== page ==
Chinese Foreign Minister Tang Jiaxuan echoed those remarks. "Only when we go along the line of political settlement can we truly live up to the trust and hope the international community places in the Security Council," he said.

Apparently sensing that a moment of decision was near, Iraqi President Saddam Hussein issued a presidential decree Friday banning the importation or production of nuclear, biological and chemical weapons.

Fleischer said the action comes "12 years late and 26,000 liters of anthrax short."

In the 11 weeks of inspections, Blix said, his team has conducted 400 checks on 300 sites. Blix said Iraq continued to grant unfettered access. But he reiterated his concern that many weapons systems were not accounted for.

On the key question of how long inspectors want their work to continue, Blix was vague.

"The answer depends upon which task one has in mind," he said, adding that the inspectors have several jobs, including finding and destroying weapons and preventing new programs from being launched.

Independent missile experts found this week that the al-Samoud missile system, which Iraq declared in its 12,000-page weapons declaration in December, slightly exceeds the 93-mile range set by U.N. resolutions.

Blix concluded that "This missile system is therefore proscribed for Iraq." Another missile system, the al-Fatah, could not be judged until Iraq provided more information, he said.

Blix said it was significant that "many proscribed weapons and items are not accounted for."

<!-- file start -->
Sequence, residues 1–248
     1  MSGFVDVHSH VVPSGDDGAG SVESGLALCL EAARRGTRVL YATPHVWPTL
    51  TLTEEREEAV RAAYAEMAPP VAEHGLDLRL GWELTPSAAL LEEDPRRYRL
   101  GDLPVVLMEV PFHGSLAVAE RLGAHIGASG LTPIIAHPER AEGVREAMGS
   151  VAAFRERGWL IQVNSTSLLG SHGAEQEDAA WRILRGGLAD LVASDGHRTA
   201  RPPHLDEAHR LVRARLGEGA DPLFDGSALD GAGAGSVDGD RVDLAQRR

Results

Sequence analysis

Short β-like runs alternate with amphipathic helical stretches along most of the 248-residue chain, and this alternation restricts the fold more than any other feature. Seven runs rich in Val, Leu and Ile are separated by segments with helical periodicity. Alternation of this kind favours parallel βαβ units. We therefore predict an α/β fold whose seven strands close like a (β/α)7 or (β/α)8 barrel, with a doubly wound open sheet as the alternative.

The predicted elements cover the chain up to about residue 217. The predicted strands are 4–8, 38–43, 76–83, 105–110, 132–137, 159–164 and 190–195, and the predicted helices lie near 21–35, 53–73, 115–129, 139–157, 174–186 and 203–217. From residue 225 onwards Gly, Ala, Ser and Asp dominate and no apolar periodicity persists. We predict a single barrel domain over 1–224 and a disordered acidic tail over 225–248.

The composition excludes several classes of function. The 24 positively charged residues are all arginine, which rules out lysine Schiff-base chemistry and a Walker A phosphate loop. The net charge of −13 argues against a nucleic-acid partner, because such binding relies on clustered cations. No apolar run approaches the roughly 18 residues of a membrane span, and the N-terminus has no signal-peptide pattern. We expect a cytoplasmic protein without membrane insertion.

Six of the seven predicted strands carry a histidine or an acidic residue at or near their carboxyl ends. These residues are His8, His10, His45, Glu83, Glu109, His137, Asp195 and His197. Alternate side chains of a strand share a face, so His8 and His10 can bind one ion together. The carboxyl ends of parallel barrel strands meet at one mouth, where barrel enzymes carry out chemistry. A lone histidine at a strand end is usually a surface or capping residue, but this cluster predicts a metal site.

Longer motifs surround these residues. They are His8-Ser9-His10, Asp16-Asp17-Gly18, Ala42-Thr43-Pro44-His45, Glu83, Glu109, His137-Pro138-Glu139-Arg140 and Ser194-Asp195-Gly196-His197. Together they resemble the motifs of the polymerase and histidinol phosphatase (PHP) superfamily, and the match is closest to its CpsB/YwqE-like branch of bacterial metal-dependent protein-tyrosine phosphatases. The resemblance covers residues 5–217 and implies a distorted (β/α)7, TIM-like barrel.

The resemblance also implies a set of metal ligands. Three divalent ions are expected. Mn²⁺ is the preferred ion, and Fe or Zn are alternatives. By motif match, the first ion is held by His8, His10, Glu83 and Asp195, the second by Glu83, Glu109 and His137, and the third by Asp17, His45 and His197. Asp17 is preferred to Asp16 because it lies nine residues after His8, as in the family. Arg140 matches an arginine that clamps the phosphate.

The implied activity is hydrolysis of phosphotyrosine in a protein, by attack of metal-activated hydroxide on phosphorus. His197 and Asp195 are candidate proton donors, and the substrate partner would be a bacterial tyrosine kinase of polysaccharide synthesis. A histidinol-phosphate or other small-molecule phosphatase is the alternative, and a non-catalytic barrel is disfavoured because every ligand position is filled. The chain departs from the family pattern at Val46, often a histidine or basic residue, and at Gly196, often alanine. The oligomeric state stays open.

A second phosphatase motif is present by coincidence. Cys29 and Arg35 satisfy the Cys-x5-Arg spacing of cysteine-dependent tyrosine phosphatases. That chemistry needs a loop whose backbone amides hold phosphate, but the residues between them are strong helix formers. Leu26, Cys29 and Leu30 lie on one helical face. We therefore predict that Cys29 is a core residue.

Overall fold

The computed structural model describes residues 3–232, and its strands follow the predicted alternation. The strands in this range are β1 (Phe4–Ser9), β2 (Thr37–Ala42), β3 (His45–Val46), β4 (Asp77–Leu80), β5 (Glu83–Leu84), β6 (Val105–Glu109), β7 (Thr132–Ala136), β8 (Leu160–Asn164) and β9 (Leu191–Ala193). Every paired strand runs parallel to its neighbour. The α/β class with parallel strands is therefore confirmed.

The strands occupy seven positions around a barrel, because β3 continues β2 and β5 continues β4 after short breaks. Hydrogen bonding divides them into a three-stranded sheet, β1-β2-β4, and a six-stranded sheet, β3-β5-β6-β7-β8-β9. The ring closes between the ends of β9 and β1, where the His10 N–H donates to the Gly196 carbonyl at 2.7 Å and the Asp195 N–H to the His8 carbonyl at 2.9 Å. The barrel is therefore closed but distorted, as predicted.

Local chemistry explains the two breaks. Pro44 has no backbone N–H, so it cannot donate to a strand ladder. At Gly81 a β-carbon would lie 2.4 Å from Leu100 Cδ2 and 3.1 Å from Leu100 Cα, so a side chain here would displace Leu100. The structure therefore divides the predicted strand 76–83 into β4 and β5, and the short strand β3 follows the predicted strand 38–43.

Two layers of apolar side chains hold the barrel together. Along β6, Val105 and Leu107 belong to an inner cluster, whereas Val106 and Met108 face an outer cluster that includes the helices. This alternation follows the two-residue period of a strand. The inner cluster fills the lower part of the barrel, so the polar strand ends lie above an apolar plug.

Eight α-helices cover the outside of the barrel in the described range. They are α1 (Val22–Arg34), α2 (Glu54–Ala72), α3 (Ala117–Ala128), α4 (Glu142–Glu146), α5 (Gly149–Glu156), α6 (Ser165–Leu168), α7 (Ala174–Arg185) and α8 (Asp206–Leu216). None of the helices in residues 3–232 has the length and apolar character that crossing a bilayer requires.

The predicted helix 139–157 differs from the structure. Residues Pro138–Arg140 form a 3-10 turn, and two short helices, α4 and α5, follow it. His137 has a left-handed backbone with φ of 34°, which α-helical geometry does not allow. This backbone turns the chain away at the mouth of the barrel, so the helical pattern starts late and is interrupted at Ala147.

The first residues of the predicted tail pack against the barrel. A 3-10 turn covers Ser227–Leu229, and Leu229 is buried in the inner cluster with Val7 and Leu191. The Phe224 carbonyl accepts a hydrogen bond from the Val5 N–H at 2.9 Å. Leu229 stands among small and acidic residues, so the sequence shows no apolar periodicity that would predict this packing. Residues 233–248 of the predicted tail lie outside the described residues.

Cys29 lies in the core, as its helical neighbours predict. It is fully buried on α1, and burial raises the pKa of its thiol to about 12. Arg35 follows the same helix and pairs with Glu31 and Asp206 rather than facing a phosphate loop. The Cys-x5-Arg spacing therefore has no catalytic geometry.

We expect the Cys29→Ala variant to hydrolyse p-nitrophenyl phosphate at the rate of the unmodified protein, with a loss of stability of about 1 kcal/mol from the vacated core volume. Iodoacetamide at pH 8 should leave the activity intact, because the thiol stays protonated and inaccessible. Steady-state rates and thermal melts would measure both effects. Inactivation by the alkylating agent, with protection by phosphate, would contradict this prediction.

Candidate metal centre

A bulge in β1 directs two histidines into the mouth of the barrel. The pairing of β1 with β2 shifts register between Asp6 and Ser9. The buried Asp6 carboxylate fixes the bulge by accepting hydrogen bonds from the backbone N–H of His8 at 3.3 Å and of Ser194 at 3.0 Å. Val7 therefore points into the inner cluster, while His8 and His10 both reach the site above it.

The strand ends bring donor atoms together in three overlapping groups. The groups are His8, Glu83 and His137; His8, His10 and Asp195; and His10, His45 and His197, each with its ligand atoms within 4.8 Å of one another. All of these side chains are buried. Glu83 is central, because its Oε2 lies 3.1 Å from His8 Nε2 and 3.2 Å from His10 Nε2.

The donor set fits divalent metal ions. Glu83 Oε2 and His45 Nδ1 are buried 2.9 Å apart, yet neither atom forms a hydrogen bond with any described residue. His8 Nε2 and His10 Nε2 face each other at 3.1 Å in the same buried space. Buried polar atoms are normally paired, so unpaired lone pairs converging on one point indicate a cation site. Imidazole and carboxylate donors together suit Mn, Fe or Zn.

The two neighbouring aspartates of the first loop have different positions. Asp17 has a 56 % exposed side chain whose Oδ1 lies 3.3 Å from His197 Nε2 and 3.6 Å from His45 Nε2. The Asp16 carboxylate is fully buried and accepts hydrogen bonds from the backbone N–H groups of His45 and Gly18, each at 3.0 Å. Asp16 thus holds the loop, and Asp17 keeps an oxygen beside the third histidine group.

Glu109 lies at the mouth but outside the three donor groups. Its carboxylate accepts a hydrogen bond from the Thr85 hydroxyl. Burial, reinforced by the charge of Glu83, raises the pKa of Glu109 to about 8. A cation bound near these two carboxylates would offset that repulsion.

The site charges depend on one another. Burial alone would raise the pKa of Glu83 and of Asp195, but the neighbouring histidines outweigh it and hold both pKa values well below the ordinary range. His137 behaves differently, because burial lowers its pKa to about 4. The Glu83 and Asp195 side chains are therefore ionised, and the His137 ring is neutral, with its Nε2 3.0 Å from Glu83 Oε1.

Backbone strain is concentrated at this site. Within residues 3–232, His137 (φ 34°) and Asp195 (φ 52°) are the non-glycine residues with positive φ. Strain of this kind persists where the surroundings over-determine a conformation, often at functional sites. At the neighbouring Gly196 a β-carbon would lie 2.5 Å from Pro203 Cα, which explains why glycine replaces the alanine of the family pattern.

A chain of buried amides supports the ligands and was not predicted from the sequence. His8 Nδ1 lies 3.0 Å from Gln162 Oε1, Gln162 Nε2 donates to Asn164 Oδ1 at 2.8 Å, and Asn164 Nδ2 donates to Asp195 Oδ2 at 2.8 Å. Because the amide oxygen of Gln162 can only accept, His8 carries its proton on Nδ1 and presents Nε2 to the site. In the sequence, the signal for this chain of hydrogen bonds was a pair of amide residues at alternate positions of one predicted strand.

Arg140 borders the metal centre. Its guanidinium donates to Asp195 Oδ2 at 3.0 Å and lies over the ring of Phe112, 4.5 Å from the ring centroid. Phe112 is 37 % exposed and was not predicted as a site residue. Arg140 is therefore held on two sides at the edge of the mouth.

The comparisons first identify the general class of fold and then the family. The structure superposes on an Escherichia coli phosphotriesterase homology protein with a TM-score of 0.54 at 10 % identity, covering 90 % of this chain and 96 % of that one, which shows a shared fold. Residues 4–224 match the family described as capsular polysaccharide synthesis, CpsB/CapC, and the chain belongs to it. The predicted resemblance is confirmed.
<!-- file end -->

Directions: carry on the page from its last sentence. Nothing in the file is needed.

As an example, he cited a document that suggested some 1,000 tons of chemical agent were unaccounted for. Although he said he could not conclude the chemicals still exited, there was no proof that they had been destroyed.

As he has in previous briefings, Blix stressed that his teams were growing in strength and capacity. He told the council that his team's ability to check for illegal weapons was improving: new regional offices were getting up and running, and Iraq was cooperating by allowing its eighth helicopters to patrol the no-fly zone without minders, and had reduced the number of minders during inspections.

He said the inspectors expected next week to start using U-2 planes, French Mirage jets and German drones to aid its searches. Blix voiced hope that two new Iraqi commissions set up to assist the weapons search. He said that three scientists who once refused private interviews accepted, and the meetings "proved informative." But since those meetings, no others have accepted those interviews.

Blix addressed several charges advanced by Powell in his briefing on Iraq's alleged violations last week, including the accusation that Iraq has moved weapons around the country and sanitized sites before inspectors arrived.

Blix said that, "conventional arms are being moved around the country, and movements are not necessary related to weapons of mass destruction."

As for satellite photos showing what Powell said were decontamination trucks at suspected weapons site, Blix said the images "were taken several weeks apart," and said the trucks' movements "could just as easily have been a routine activity."

Addressing U.S. charges that Iraq was evading inspections by infiltrating the teams, Blix said, "In no case have we seen convincing evidence that the Iraqi side knew in advance that the inspectors were coming."

ElBaradei said the matter of high-strength aluminum tubes that Iraq tried to import hasn't been closed. He has said previously that the IAEA believes Iraq intended to use the tubing for conventional rockets.

On Friday, he said Iraq provided new documentation on the tubes, a reported attempt to import uranium, the procurement of magnets and magnet production capabilities, and the use of the explosive HMX.